Potential new tax on the sale of your home

Will the new federal health care law imposes 3.8 percent tax on profits from selling your home. The truth is that, starting in 2013, only a tiny percentage of home sellers will pay the tax. First of all, only those with incomes over $200,000 a year ($250,000 for married couples filing jointly) will potentially be subject to the tax. For those with such incomes, the tax will not apply to the first $250,000 of profits from the sale of a personal residence and/or to the first $500,000 in the case of a married couple selling their home.

Published in: on August 26, 2010 at 8:23 am  Leave a Comment  

Thinking of Selling…Not Staying Local? Here are some things to consider to make the closing easier.

Q. I am selling my home at the end of next month immediately before I relocate across the country. What should I do to protect myself in advance?

A. When you are selling your home and relocating, small delays can cause major stress. It would be helpful to have your own attorney ready to accept Power of Attorney for you should you need to depart before the transfer takes place.  A power of attorney can be drafted quickly and will allow another party to sign all closing documents for you should you be unable to attend the closing.  Another important issue is to be sure you receive a certified check at the closing so that your funds are negotiable when you reach your destination. Many attorneys in other States will not accept the checks of your local closing company and will require either a certified or bank check for your purchase.  Be sure to ask your local closing agent for a certified check prior to your closing.

Published in: on June 21, 2010 at 10:28 am  Comments (1)  

What is the difference between a single family home, condo and P.U.D.?

Q. What is the difference between a P.U.D., a Condominium and a Single Family Property?

A. Simply put, the difference is in the ownership of the land under the house itself.  With a single family house, you own the house and land in total.

A Condominium is defined as “common ownership.”  The entire property is actually owned by the Condominium Association – not individuals – and is regulated by the Condominium Documents.  It is extremely important that you read and understand the Condo Docs before you purchase the property, as they state all the rules of the Association and will dictate your lifestyle to a degree.

As a unit owner, you will own the inside of the unit only (this is sometimes called “stud-to-stud” ownership), and are a voting member of the Association.  With a Condo, the Association is usually responsible for exterior unit and land maintenance.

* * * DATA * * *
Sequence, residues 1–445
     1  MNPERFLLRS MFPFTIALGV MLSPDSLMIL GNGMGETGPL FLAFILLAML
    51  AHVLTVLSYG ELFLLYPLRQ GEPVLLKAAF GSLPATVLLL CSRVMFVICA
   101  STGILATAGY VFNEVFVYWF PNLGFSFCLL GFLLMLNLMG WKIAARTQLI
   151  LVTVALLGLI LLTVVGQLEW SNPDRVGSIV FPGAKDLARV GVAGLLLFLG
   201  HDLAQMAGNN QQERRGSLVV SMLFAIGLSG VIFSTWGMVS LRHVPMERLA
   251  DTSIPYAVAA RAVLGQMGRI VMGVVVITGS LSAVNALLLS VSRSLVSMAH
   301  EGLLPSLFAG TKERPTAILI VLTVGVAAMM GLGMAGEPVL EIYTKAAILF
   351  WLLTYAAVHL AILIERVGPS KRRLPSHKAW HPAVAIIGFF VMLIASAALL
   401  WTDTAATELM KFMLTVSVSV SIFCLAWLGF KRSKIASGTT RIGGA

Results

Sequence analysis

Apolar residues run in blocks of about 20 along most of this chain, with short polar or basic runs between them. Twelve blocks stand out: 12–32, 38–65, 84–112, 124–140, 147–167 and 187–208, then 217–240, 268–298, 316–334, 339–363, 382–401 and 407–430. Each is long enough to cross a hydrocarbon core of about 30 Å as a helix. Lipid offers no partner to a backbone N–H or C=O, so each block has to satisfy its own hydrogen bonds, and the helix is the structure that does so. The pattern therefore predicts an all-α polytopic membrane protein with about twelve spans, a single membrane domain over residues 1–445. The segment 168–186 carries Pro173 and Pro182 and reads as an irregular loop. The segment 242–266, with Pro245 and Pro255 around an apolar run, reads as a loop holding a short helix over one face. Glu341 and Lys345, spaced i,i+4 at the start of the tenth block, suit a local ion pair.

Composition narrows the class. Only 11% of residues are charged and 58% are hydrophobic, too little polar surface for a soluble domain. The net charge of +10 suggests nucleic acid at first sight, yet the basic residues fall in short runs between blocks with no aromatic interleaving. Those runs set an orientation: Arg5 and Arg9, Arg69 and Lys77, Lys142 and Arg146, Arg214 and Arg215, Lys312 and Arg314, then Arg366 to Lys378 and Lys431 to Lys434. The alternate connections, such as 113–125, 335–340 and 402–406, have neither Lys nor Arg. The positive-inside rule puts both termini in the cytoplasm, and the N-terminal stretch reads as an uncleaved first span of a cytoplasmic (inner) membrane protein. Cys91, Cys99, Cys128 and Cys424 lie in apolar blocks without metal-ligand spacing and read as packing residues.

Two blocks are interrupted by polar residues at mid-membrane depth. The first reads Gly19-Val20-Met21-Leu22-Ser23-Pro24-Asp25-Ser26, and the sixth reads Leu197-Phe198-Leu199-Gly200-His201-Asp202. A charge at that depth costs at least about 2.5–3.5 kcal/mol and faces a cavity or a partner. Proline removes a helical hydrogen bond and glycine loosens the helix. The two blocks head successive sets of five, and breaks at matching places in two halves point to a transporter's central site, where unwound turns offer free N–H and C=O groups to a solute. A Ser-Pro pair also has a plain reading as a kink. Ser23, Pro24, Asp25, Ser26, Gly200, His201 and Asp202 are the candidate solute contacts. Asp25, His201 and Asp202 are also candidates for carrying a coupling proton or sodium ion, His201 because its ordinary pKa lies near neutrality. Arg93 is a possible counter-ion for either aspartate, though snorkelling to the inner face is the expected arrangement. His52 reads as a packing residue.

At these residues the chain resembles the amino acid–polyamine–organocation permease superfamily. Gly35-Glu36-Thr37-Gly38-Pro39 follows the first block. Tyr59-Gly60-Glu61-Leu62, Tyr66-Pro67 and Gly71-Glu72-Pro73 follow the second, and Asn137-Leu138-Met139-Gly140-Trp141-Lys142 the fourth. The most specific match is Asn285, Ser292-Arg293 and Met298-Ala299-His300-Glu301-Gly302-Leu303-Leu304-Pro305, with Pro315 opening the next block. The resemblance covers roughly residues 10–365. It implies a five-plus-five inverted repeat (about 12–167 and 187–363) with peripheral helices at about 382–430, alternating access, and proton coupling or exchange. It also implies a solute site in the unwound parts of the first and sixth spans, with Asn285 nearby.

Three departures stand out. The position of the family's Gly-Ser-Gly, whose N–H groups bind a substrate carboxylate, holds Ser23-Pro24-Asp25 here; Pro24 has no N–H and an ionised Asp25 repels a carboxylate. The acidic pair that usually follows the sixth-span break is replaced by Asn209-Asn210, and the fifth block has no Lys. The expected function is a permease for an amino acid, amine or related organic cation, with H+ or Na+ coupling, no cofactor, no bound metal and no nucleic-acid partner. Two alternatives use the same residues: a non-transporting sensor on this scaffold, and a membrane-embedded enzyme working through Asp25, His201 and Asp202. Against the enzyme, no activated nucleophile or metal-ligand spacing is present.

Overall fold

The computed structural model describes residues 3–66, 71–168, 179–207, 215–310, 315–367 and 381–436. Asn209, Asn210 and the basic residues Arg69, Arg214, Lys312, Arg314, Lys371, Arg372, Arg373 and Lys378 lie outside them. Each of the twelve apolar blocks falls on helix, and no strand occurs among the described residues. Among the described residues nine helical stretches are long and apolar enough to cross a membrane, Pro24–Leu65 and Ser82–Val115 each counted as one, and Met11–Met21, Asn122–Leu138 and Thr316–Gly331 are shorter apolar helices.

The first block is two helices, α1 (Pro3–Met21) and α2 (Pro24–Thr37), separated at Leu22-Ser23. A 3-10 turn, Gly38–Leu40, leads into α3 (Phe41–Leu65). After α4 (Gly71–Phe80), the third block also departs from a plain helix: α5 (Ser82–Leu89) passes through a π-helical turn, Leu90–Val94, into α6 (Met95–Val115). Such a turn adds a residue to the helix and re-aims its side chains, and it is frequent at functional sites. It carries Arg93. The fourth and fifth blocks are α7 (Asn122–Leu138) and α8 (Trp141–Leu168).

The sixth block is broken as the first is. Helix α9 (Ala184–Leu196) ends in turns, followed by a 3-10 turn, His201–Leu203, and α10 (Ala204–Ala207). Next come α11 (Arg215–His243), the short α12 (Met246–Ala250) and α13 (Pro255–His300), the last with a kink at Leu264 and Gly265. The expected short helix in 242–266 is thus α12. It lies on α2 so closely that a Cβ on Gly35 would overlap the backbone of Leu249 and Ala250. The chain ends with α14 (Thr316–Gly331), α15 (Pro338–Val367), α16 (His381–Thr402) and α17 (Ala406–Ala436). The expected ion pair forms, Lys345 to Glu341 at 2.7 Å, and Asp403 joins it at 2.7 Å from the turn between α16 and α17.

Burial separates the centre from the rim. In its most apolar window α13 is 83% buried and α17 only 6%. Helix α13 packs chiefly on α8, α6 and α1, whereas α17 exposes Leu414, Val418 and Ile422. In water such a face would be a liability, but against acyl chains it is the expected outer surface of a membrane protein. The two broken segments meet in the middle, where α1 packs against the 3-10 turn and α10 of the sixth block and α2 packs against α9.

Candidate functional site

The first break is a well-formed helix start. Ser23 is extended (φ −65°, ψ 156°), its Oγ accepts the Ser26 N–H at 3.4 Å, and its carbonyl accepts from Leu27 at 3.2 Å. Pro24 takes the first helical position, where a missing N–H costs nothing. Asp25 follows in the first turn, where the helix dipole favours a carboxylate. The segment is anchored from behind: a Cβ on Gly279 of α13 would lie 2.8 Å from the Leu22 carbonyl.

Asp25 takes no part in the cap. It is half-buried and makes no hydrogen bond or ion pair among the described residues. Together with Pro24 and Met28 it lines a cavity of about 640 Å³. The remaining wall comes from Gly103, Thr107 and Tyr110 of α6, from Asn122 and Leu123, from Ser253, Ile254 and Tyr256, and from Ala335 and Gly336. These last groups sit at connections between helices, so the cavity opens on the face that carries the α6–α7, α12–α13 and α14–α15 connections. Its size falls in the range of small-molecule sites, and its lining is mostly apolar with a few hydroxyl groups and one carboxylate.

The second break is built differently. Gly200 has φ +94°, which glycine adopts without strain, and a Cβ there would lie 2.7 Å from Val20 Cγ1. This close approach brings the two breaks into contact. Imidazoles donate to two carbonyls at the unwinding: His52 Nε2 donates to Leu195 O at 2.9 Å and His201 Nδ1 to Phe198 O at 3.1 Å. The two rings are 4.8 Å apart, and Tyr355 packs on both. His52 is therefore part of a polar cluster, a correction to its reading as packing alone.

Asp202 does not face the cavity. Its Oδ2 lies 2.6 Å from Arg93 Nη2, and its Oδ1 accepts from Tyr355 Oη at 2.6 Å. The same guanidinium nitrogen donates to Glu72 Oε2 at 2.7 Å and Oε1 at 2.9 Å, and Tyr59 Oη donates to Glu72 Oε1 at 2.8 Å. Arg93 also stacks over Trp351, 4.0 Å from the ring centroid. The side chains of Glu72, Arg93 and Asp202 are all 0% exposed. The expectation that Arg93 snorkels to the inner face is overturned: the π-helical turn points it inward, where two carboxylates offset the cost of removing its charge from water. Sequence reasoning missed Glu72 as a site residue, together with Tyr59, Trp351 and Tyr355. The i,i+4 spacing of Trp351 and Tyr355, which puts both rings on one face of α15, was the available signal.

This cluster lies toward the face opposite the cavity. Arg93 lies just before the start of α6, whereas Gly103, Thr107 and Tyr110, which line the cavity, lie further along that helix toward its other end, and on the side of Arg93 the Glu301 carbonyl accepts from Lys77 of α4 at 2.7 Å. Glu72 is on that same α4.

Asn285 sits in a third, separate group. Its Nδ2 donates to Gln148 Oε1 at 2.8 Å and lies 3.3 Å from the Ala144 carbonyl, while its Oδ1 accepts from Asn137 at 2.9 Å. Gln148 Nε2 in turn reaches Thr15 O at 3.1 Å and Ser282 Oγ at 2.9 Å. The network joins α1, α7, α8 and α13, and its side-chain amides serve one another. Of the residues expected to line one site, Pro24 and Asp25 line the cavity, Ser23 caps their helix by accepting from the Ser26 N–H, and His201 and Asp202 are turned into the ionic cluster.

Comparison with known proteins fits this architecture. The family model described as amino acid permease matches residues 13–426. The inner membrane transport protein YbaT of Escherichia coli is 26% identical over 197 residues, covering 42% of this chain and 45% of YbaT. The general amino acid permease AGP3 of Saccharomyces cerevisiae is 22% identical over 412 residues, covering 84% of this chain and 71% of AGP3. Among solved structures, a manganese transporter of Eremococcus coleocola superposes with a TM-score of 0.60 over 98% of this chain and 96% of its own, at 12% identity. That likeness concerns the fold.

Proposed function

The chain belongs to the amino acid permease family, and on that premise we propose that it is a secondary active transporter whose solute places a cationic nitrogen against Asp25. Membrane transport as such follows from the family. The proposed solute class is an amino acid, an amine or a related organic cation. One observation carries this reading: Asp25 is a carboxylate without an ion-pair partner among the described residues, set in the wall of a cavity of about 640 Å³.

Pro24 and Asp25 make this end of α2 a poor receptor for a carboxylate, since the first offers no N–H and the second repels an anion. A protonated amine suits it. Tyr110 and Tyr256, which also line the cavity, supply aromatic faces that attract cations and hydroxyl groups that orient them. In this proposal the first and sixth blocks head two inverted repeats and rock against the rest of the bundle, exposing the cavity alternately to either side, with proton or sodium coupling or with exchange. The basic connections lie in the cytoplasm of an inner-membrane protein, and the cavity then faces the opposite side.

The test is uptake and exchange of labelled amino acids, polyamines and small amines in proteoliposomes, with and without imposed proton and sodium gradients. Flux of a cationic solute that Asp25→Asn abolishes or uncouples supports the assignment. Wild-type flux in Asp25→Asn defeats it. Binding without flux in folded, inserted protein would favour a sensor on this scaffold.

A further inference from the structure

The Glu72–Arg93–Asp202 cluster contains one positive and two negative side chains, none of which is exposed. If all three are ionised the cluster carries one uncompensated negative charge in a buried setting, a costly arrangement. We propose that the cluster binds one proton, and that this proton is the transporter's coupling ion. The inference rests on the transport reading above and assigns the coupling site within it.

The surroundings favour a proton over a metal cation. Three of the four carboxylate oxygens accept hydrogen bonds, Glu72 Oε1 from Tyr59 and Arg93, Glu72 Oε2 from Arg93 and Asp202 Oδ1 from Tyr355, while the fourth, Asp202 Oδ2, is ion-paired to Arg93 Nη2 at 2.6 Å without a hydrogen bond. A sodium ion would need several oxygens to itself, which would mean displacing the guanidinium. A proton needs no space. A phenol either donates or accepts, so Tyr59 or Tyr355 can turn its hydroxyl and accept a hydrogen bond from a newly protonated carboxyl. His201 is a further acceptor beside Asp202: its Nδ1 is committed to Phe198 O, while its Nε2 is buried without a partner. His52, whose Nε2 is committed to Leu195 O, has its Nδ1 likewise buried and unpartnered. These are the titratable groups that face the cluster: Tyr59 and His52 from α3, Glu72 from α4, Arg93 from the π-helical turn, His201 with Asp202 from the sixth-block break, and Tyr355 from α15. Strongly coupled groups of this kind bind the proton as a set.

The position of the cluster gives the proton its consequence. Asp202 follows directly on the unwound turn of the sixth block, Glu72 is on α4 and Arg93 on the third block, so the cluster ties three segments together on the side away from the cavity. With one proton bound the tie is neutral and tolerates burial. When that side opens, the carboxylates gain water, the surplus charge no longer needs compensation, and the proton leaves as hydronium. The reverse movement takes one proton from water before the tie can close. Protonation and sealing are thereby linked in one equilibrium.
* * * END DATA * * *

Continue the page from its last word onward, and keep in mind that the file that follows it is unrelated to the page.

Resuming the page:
A Planned Urban Development (P.U.D.) is sort of a combination of the above two.  A homeowner does own the land under their unit, and –as a rule – is responsible for the maintenance of their land and exterior.

However, a P.U.D. will have common land and sometimes amenities that will need to be insured and maintained.  You will find covenants and a minimal fee associated with ownership in a P.U.D.

Published in: on May 11, 2010 at 8:22 am  Leave a Comment  

Buying an Older Home? Don’t forget the importance of a home inspection.

Published in: on May 3, 2010 at 3:27 pm  Leave a Comment  

What happens to your home when you pass away?

Q. My husband and I own our own home. I am concerned about what will happen when one of us dies? Does our title need to go through the Probate Court?

A. You can minimize the need to probate an estate by making sure that all of your assets including your home are in both names. Your original deed would need to indicate that you and your husband hold title as joint tenants with rights of survivorship so that the surviving spouse would have 100% ownership without involving probating the home.

Another option would be to hold title to your home in a Revocable Trust. Any asset held in trust would be immediately available to your beneficiaries upon your passing. Assets in a Revocable Trust skip the probate process, thus keeping your estate private and allowing your assets to be given to your heirs quickly.

You should review your estate planning with a professional.

Published in: on March 30, 2010 at 10:51 am  Leave a Comment  
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Purchasing Property with a Partner? Check this out.

Q. I would like to purchase a piece of real estate with my business partner.  How should we address the issue of what happens with the real estate upon the death of one of us?

A. You could take title as “tenants in common”, rather than “joint tenants with rights of survivorship”.  This would ensure that your share of the property would pass to your heirs, as outlined in your will, instead of transferring to your partner automatically.  I would recommend that you each update your wills to be sure you address this important issue.

Another option would be to for a Limited Liability Company or Corporation.  Both of these will allow you to structure the formation documents in a manner that protects each partners interest and you and also incorporate a Buy/Sell Agreement.  Make sure to speak to your financial lender in advance as many lenders do not allow you to purchase or refinance certain types of property while owned by a LLC or Corp.

Your real estate is generally one of the most valuable assets you may own, make sure to take the proper precautions to protect your interest and those of your heirs.

As with any legal issue, the advice of a trained professional is always beneficial.  Our firm is a full service law firm covering such legal matters as personal injury and estate planning.  If we can assist you, please call or visit our website.

Published in: on March 8, 2010 at 10:59 am  Leave a Comment